North Sea exploration was dealt a heavy blow yesterday after Jersey Oil and Gas said the Verbier find estimated at the time to contain over 100 million barrels is now estimated closer to the low range of 25 million barrels.
Shares in the Jersey surged 500 per cent on the day it announced the discovery, yesterday they plunged 58 per cent after the oil and gas independent announced disappointing results from appraisal drilling on the Verbier find.
Jersey made the initial announcement of the find in October 2017, confirming it could contain as much as 130 million barrels oil.
Jersey Oil yesterday confirmed it estimates of the size of Verbier were likely to be revised towards the lower end of the initial range of 25 million barrels of oil equivalent to 130 million barrels.
“We are both surprised and disappointed by the results of our appraisal well,” said chief executive Andrew Benitz.
Equinor said the results of the well had not shaken its belief that the United Kingdom Continental Shelf (UKCS) has a lot more to offer in exploration terms.
However, the results of the Verbier appraisal may disappoint North Sea oil and gas sector champions.
Verbier confirmed the potential to make big finds in the mature North Sea as a number of operators looked to shift investment to areas they reckoned had better prospects, including the shale basins of the USA.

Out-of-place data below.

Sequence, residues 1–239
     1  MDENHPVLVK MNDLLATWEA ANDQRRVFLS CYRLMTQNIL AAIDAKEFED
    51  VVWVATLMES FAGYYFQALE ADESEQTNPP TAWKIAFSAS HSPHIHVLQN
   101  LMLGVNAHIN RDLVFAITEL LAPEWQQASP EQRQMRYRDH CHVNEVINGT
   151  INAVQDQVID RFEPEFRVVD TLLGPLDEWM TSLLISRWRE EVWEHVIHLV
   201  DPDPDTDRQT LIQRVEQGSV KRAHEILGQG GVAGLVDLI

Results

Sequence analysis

Industry body Oil & Gas UK said Verbier provided a signal of confidence in the future of the UK Continental Shelf and was the kind of development that should further persuade investors of the benefit of putting their money into the basin.
Jersey sold a stake in the acreage containing Verbier to Equinor.
“We maintain that the UKCS has more to offer and we will continue to actively explore for new opportunities as part of our strategy to unlock the remaining potential in both underexplored and more mature areas,” said an Equinor spokesperson.
The Verbier appraisal drilling formed part of a five-well UK exploration programme planned for this year by Equinor, whose UK offshore operations are run by Hedda Felin.
The spokesperson said the area containing Verbier remains interesting. Equinor will continue to evaluate the well results to update its understanding of the broader play.
Mr Benitz said Jersey Oil & Gas (JOG) is confident Verbier remains commercially viable. Production facilities for Verbier could be used to support a hub development linked to undeveloped discoveries that lie close by.
“JOG remains well-funded to pursue our growth plans and will continue to assess various acquisition opportunities as we move forward,” said Mr Benitz.
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